For a long time the lament about HIPAA was that it was a dog with no bite.  Well, the reality of HIPAA fines are changing that perception rather quickly. One of the latest victims to feel the bite of hefty HIPAA fines is Idaho State University, which agreed to pay $400,000 in HIPAA fines to the US Department of HHS and subject itself to increased scrutiny in the near future.

What did the university do to warrant such a hefty fine? Well it seems they suffered a breach of 17,500 patient's ePHI (electronic private health information) from its Pocatello Family Medicine Clinic. A breach can happen to just about any organization, but in this case how the breach occurred seems pretty obvious.  Someone felt that that pesky firewall was just to much trouble to manage, so they did what anyone who thinks firewalls are too hard to manage would do. They disabled it! Not only that but they kept it turned off for 10 months.

To give Idaho State University some credit, once the breach and cause were discovered, they did disclose the facts to Health and Human Services. But that doesn't excuse the fact of what happened here (hence the fine). In the school's press release, HHS notes that it wasn't just the fact that firewall was disabled that they were using to justify this fine. The fact that Idaho State either didn't discover the fact that the firewall was disabled as part of its regular risk assessment and review of the IT security systems in place or worse yet did discover it and allowed it to continue.  Either way someone was asleep at the wheel.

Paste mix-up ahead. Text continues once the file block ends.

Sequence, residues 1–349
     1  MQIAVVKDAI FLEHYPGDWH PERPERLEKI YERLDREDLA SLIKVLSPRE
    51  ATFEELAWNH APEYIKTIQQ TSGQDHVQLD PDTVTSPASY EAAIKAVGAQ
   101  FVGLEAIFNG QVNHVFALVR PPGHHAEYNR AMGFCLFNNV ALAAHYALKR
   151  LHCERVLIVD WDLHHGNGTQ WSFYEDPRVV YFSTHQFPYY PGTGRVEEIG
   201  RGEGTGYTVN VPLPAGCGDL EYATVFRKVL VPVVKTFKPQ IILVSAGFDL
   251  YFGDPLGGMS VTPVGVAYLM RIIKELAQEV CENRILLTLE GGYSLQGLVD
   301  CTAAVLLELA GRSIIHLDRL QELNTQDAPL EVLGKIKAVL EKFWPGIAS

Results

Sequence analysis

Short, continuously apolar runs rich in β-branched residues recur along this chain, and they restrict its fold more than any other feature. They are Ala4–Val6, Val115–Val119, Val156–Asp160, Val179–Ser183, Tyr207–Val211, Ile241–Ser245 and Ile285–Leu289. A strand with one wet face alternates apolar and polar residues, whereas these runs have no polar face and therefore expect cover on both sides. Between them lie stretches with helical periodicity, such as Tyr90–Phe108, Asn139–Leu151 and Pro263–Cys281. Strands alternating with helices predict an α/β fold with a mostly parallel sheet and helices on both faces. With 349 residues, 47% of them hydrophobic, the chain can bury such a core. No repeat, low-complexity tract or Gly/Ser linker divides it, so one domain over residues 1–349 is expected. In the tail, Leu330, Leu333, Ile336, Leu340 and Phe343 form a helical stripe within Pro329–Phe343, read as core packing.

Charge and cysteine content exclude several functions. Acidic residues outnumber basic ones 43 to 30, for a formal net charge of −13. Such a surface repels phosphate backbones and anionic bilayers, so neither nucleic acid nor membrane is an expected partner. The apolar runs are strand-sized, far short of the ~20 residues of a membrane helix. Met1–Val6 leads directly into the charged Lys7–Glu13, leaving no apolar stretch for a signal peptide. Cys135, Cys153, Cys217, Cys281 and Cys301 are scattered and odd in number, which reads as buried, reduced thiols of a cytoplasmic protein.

Not to overstate the obvious, but a firewall management program would have obviously turned up the fact that the firewall was turned off. Beyond that though, assuming your firewall is turned on (and let's hope it is), do you have a handle on its management? Are you confident that your firewall is locked down so you won't be the next health provider fined under HIPAA, or the next retailer under PCI?

I hate to say security for compliance sake alone, but with fines of this magnitude being tossed around, it is hard to ignore. One fine like this can pay for a whole lot of firewall management. Talk about an ounce of prevention being worth a pound of cure. Beyond the compliance though, think about security and why it is important for a moment.

Remember that this isn't just about the fine. The fine was levied because over 17,000 records containing the confidential medical and other personal information of over 17,000 people was breached and stolen.  If you were one of the individuals affected by the breach, you may feel very differently as to whether or not such a large fine was justified.

This case along with other recent public announcements regarding large fines for HIPAA are sending message. Whether you are a large health care provider or a small one, failure to comply with the HIPAA rules on security confidential patient data is going to be an expensive proposition. They are serious about security and you should be too.

Health care organizations with multiple locations like Idaho State University need systems in place to manage health information security systems. It all starts with turning your firewalls on. Don't be the next organization in the news for HIPAA fines, take charge of your health information technology infrastructure today.